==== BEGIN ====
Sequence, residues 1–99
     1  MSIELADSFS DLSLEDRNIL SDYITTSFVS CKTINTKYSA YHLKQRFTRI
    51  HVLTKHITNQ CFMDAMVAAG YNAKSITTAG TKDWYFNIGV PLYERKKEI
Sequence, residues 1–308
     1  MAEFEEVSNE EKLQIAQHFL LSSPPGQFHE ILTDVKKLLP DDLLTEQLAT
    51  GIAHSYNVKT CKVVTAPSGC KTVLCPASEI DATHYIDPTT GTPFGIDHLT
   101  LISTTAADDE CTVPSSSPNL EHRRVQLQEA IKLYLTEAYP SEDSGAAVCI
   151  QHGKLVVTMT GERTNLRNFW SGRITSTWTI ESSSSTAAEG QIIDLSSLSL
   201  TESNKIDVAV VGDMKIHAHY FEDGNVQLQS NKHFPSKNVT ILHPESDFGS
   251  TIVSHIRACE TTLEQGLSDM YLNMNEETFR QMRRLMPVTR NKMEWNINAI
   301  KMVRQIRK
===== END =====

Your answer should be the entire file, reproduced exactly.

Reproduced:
Sequence, residues 1–99
     1  MSIELADSFS DLSLEDRNIL SDYITTSFVS CKTINTKYSA YHLKQRFTRI
    51  HVLTKHITNQ CFMDAMVAAG YNAKSITTAG TKDWYFNIGV PLYERKKEI
Sequence, residues 1–308
     1  MAEFEEVSNE EKLQIAQHFL LSSPPGQFHE ILTDVKKLLP DDLLTEQLAT
    51  GIAHSYNVKT CKVVTAPSGC KTVLCPASEI DATHYIDPTT GTPFGIDHLT
   101  LISTTAADDE CTVPSSSPNL EHRRVQLQEA IKLYLTEAYP SEDSGAAVCI
   151  QHGKLVVTMT GERTNLRNFW SGRITSTWTI ESSSSTAAEG QIIDLSSLSL
   201  TESNKIDVAV VGDMKIHAHY FEDGNVQLQS NKHFPSKNVT ILHPESDFGS
   251  TIVSHIRACE TTLEQGLSDM YLNMNEETFR QMRRLMPVTR NKMEWNINAI
   301  KMVRQIRK